Phish, Phowl, and Passwords I spend a lot of time defending educational as opposed to purely technical solutions to security. Not that I don’t believe in the usefulness of technical solutions: that is, after all, ESET’s basic business. However, there are many people in the security business who believe that education is a waste of
Employee use of personally-owned computing devices for work-related purposes–known as Bring Your Own Device or BYOD–is not a new trend and security professionals have been concerned about it for some time, but there is a widely held view that the trend has been transformed of late. Why? Waves of mobile digital devices flooding into the
Introduction Mobile World Congress 2012 is almost upon us, and one of the most hotly-anticipated topics is the next generation of Microsoft’s smartphone operating system Windows Phone 8, which has been kept under wraps far more tightly than its PC counterpart, Windows 8. While Microsoft was an early adopter in the creation of smartphones with
Awhile back we noted a case where Ramona Fricosu, a woman accused of involvement in a mortgage scam, was asked, following a law enforcement raid in which her laptop was seized, to decrypt data on the device for use as evidence, potentially incriminating her. She pleaded the 5th Amendment protection against self-incrimination and refused to
You just got a new wireless router for Christmas, but when you set it up it asks about wireless security. Do you want WEP, WPA, WPA2 or any of the other alphabet soup options they give? While it’s easiest to just pick the default setting, are you setting yourself up for trouble from aspiring hackers?
More websites stored unencrypted credit card payment information than ever this year, according to a recent report. I thought we had this figured out? Obviously this is a direct violation of Payment Card Industry Data Security Standard (PCI DSS) requirements. But seriously, this stuff is simple for the developers to fix, so why don’t they?
Forensic software developer PassWare announced a new version of its eponymous software forensics kit on Tuesday. Already several news sources are writing about how the program can automatically obtain the login password from a locked or sleeping Mac simply by plugging in a USB flash drive containing their software and connecting it to another computer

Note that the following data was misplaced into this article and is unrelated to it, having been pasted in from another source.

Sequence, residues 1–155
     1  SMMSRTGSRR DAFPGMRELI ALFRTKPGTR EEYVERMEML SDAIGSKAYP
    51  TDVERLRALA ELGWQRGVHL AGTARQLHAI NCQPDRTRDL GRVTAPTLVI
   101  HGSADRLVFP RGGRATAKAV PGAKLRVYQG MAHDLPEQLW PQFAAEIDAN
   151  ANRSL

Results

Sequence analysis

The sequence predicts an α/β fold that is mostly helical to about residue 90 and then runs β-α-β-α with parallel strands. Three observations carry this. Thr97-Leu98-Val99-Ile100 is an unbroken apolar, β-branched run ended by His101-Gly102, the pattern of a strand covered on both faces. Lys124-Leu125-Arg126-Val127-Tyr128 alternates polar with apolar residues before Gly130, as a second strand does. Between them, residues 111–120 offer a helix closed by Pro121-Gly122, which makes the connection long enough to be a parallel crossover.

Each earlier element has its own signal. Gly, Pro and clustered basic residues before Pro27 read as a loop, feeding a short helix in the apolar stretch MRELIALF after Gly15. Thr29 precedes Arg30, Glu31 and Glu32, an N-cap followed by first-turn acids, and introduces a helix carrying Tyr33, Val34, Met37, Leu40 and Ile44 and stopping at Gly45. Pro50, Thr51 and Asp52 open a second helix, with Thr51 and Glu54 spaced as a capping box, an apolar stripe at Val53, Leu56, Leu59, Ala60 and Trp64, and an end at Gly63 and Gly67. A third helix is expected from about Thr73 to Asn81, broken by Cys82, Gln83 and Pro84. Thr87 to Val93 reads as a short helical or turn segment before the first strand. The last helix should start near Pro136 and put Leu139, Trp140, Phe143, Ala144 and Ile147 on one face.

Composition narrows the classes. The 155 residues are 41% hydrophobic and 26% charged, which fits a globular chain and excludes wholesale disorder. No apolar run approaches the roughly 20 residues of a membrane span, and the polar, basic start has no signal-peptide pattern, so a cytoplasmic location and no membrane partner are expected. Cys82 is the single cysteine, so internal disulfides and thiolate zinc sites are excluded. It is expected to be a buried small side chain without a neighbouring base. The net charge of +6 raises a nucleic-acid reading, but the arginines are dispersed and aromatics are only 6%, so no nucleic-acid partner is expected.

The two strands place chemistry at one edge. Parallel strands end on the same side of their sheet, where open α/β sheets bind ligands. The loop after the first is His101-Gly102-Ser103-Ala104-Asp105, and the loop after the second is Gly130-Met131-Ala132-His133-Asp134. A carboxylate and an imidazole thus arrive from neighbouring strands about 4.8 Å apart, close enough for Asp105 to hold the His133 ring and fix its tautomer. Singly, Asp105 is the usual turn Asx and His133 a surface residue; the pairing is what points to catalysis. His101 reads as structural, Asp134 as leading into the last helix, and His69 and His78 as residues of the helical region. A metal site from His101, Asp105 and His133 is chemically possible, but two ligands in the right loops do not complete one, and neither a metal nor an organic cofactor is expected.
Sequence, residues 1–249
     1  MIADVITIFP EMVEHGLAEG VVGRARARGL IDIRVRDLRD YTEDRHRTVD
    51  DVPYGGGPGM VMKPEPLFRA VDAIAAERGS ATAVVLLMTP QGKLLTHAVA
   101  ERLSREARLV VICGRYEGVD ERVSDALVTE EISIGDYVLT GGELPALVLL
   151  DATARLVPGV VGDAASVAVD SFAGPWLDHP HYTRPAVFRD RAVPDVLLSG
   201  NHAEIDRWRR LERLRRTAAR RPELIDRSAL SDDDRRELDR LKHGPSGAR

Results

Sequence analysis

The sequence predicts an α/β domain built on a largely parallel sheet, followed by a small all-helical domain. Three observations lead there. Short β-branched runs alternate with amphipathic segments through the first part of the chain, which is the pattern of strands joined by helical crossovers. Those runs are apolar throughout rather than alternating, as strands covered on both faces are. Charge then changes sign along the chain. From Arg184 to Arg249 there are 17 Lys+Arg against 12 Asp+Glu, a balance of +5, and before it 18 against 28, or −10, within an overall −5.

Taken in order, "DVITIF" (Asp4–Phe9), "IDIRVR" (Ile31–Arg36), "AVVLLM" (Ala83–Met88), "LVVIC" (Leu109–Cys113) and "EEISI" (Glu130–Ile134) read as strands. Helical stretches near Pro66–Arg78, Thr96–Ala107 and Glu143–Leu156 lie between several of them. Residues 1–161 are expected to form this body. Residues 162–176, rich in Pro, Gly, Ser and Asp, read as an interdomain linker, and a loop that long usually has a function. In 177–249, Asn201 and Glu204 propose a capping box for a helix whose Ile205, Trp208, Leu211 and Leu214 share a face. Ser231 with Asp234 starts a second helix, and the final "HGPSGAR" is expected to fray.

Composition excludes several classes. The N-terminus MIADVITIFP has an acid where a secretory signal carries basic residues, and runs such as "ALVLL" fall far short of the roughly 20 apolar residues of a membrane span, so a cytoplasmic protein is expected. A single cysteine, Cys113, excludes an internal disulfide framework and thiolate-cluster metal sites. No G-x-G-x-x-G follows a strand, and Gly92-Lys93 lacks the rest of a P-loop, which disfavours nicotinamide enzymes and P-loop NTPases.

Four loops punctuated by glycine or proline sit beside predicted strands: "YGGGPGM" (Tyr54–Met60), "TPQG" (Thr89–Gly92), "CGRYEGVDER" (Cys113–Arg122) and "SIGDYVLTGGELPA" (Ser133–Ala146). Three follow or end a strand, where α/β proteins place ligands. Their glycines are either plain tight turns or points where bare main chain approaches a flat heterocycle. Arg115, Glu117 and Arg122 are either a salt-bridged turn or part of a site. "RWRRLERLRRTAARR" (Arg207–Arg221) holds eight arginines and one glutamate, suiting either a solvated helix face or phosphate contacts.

It will likely come as no surprise to regular readers of ESET's Threat Blog that we are somewhat gadget aficionados here in the Research Department. Our focus, however, is usually on issues such as malware, spam and privacy so we do not spend a lot of time discussing gadgetry. Every once in a while, though,
While serving in the Marine Corps, one activity that I felt was effective in preparing both myself and my unit to be able to handle real-world scenarios, was getting as much experience as possible from military training exercises. In most cases multiple branches worked together or, as in the case with NATO exercises, multiple countries
The BBC has reported (http://news.bbc.co.uk/1/hi/technology/8429233.stm) that Karsten Nohl has published details of the encryption algorithm used to encrypt mobile phonecalls made using GSM technology. The topic has inspired much discussion following a talk at the Chaos Computer Congress in Berlin. The GSM Association seems, according to the BBC report, to be a little ambivalent about the
The results (released yesterday) from a study conducted by the Ponemon Institute yielded some interesting data points. The most visible of these was the finding that 85% of U.S. organizations experienced data breaches of varying magnitudes. This study, entitled "U.S. Enterprise Encryption Trends", has completed its fourth annual publication. The data was directly obtained from
One of the security best practices is to back up your data regularly. This is sound advice as it helps mitigate the damages from many different threats. Lots of people think of data loss when they think of viruses, but very few viruses actually tried to cause data loss. There have been a few that
If sensitive information is stored on your hard drive (and if you don’t have -something- worth protecting on your system, you’re probably not reading this blog…), protect it with encryption. Furthermore, when you copy or move data elsewhere, it’s usually at least as important to protect/encrypt it when it’s on removable media, or transferred electronically.
Well, not so much about punishment, but I’m sitting in the lounge with Andrew Davies’s version of Dr. Zhivago in the background, so I’m in a Russian mood… My colleague Jeff Debrosse, Director of Research in our San Diego office, drew my attention to the latest FBI challenge at http://www.fbi.gov/page2/dec08/code_122908.html. Like many people in this